Nowhere in President Joe Biden’s more than 100-page budget for 2023 is any mention of student loan forgiveness or the payment pause for borrowers, continuing the uncertainty millions of Americans have been in about the future of their debt.
The White House only requested more funding — $2.7 billion — to improve customer service for borrowers.
Yet it’s unclear when people with student loans will have to interact with their servicers again. Most borrowers haven’t made a payment on their debt in more than two years, thanks to a pause on the bills that has been repeatedly extended.
Despite the omission of any information on the payment pause in Biden’s budget, the administration has suggested it was considering delaying the resumption of payments beyond May, when they’re currently slated to resume.
White House Chief of Staff Ron Klain said earlier this month that Biden wanted to make its decision around debt cancellation before turning the payments back on.
“The president is going to look at what we should do on student debt before the pause expires, or he’ll extend the pause,” Klain said on the podcast “Pod Save America.”
The White House would likely only include a request for forgiveness if it planned to ask Congress to implement it, said higher education expert Mark Kantrowitz.
Its omission could suggest the administration was still contemplating cancelling the debt without legislation, either through new regulations or executive action.
Meanwhile, he said, “they do not need to budget for an extension.”
Some Democrats and advocates have warned that it would be a disaster to restart payments before the mid-term elections in November.
Research shows borrowers may face significant hurdles come May. One estimate found nearly a third of loan holders could be at a high risk of missing their payments without another extension.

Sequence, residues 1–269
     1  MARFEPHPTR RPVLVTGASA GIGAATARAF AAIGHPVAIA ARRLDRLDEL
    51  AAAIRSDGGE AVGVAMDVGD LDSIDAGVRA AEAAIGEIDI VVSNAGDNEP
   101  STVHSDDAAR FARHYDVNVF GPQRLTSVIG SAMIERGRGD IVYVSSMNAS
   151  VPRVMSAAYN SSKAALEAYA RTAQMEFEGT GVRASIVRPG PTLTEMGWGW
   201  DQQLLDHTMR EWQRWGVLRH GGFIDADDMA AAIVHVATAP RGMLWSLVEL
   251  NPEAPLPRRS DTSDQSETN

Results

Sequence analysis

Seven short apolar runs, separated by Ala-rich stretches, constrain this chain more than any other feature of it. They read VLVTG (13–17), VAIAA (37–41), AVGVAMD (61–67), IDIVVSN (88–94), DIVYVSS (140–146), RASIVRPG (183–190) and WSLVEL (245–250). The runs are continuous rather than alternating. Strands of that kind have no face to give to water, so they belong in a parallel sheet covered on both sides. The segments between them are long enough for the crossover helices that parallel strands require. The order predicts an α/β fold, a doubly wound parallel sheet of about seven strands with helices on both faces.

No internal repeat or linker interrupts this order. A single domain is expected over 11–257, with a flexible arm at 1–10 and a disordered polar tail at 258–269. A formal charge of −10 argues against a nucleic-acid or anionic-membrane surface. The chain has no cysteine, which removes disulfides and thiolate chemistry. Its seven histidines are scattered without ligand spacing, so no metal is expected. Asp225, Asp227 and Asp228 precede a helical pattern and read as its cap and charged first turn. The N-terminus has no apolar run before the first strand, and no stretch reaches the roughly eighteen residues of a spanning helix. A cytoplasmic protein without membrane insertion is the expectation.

Even before the pandemic, the country’s outstanding student loan debt balance exceeded $1.7 trillion and posed a larger burden to households than credit card or auto debt. Average debt at graduation is around $30,000, and roughly a quarter of borrowers, or 10 million people, were estimated to be in delinquency or default.
A recent poll found that nearly 66% of likely voters are in support of Biden canceling some or all of student debt, with more than 70% of Latino and Black voters in favor.
Critics of a student debt jubilee say that it would be unfair to those who didn’t borrow for their education or who’ve paid off their loans and that it wouldn’t significantly stimulate the economy because college graduates tend to be higher earners more likely to redirect their monthly bill to savings than additional spending.
As of now, the lack of guidance at this point is frustrating for borrowers and servicers alike, said Scott Buchanan, executive director of the Student Loan Servicing Alliance, a trade group for federal student loan servicers.
“Constantly shifting the repayment date arbitrarily means servicers have been forced to ramp up and ramp down, creating confusion and wasting lots of resources,” Buchanan said.